Spurred in part by a potential sale to Colombia of F-16 fighters, the Defense Department is considering novel ways for cash-strapped allies and partners to finance and buy U.S. weapon systems—by bolstering the ability of domestic industry to compete, an Air Force international sales expert said Aug. 6. Although she hasn’t “finalized her thinking,” Heidi Grant, director of the Defense Security Cooperation Agency, “is looking at ways that we can compete … more creative financing options for partners,” said Col. Anthony Walker, senior materiel leader in the International Division of the Air Force Security Assistance and Cooperation Directorate.
A number of high-profile training mishap deaths in recent years drew attention to the Defense Department’s resurging problem with non-combat fatalities. The number of deaths in training vehicle accidents has more than doubled over the last two reported years after hitting a 10-year low of seven in 2017. After the Marine Corps amphibious assault vehicle accident that killed nine in July 2020 and the May 2019 death of 1st Lt. Hugh Conor McDowell in a vehicle rollover, Congress requested that the Government Accountability Office report on these specific training deaths. The GAO found that no “prescribed training regimen” is currently being implemented.
Italy has hiked defense spending with a new budget that includes the first 20 million euro Italian funding for the Tempest fighter. The 2021 budget includes 16.8 billion euros ($19.9B) in defense ministry spending, up five percent over 2020, which was in turn an increase on the previous year, putting an end to a series of annual falls. The part of the budget devoted to procurement stood at four billion euros, ($4.7B) up a massive 44 percent over the previous year.
The Space Force is taking a lot of flak from Congress for not producing expected results, especially considering the service has been around for nearly two years. The Air Force Research Laboratory’s director is advocating for a more balanced architecture for investment and planning in order to not only tackle long-term problems but also deliver short-term results.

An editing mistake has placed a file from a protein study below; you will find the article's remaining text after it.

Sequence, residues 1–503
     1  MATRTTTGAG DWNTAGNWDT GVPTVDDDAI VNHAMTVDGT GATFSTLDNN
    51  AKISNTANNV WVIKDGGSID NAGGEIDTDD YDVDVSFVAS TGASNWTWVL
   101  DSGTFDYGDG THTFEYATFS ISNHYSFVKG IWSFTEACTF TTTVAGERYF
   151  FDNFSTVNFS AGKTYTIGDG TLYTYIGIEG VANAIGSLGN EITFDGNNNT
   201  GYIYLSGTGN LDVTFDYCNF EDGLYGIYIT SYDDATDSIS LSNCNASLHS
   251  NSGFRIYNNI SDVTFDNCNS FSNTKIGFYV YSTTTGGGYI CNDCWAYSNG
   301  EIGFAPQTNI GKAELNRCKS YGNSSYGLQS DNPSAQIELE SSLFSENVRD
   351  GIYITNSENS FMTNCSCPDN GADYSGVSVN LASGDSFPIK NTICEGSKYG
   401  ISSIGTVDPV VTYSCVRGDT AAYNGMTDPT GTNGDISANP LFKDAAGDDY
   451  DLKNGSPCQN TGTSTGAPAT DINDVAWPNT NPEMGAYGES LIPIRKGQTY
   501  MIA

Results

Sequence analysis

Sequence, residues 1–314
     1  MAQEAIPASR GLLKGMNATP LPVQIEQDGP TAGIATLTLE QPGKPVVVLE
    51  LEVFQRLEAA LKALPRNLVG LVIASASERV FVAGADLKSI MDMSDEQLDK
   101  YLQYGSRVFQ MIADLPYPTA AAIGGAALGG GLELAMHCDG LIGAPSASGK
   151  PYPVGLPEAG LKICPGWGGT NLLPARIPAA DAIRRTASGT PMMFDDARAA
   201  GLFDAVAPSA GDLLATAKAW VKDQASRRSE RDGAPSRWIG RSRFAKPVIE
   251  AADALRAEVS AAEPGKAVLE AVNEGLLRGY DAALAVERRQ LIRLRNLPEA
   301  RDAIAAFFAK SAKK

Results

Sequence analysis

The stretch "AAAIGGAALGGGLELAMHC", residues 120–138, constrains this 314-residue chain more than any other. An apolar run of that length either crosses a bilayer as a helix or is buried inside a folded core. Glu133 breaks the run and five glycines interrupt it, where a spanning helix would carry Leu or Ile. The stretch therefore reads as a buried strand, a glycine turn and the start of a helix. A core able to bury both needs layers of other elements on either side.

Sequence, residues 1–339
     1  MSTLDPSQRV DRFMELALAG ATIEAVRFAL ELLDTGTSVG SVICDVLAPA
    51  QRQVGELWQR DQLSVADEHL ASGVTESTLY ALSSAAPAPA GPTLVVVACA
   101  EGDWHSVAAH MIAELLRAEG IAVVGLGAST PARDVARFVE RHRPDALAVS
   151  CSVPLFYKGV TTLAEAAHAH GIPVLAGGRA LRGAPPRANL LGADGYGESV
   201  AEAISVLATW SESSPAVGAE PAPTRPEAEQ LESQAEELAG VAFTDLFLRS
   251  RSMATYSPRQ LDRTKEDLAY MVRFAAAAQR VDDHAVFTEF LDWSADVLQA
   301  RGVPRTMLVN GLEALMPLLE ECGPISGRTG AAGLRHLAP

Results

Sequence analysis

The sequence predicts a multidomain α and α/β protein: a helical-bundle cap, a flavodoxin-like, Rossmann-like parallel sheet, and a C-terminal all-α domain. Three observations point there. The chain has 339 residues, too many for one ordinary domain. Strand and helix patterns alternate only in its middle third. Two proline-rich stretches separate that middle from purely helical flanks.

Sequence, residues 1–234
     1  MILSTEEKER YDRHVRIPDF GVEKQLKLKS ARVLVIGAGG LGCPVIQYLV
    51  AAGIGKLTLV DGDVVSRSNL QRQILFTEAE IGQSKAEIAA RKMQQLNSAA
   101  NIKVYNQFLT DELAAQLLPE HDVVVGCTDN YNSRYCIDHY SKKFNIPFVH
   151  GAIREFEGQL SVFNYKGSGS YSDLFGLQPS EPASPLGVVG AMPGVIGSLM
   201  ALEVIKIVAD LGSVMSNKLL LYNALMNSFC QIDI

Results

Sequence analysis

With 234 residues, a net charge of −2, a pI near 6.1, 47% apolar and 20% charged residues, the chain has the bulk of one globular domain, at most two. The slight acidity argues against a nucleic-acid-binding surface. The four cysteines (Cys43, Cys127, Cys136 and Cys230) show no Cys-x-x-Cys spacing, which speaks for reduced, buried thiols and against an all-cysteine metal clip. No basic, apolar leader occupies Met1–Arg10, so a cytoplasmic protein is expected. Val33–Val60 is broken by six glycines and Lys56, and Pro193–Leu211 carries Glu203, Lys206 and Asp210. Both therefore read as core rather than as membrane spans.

Top Senate Republicans are looking to add more than $50 billion in defense funding to bipartisan infrastructure legislation to tackle overdue repairs and upgrade efforts at shipyards, depots, test ranges, and defense laboratories. Senate Appropriations ranking member Richard Shelby (R-Ala.) has filed an amendment to the infrastructure package to boost defense funding, which was obtained by Politico. The Republican defense hawks' effort is the largest, and most detailed, proposal for defense money in an infrastructure bill so far.
Senate Majority Leader Chuck Schumer, D.-N.Y., is demanding answers from the Air Force after the department nixed funding for a program that helps helicopter pilots avoid midair obstacles, which was put in place after a 2018 crash in Iraq killed seven service members, including three based on Long Island. The Air Force's 2022 budget request to Congress eliminated funding for the Degraded Visual Environment program, which equips rescue helicopters with sensors that help pilots guide through dust, snow, clouds of smoke, and hard-to-see electrical wires.
In episode 34 of the Aerospace Advantage, host John Baum delves into a key challenge facing the Air Force: The service has too few pilots and needs to produce a new generation of talent fast. In discussions with 19th Air Force commander Maj. Gen. Craig D. Wills, the leader who oversees the majority of Air Force pilot training, and members of the Mitchell team, he discusses what it takes to produce an Air Force pilot.
The U.S. Air Force's lone WC-135W Constant Phoenix "nuke sniffer" aircraft flew an unusual mission over the Baltic Sea on Aug. 5. This plane is typically used to collect air samples to monitor for spikes in radiation levels in the atmosphere. It can also be employed after nuclear weapon tests and atomic accidents to help glean more information about those events and track the potential spread of dangerous radioactive material.
Scott Mayfield plays arguably the fastest game on Earth for the New York Islanders, but hockey felt like kickball after the 28-year-old defenseman flew an F-16 Viper with his brother, Air Force Capt. Patrick Mayfield. One week of training and touring Holloman Air Force Base in Otero County, N.M., led to a flight that reached Mach 1.11, an estimated 852 mph and faster than the speed of sound (761.2 mph) assuming an air temperature of 59 degrees. Scott was trained to handle G-force, ensure his body was in the best position, and what to do in an emergency, and he had a couple of bags tied around his leg in case he felt sick.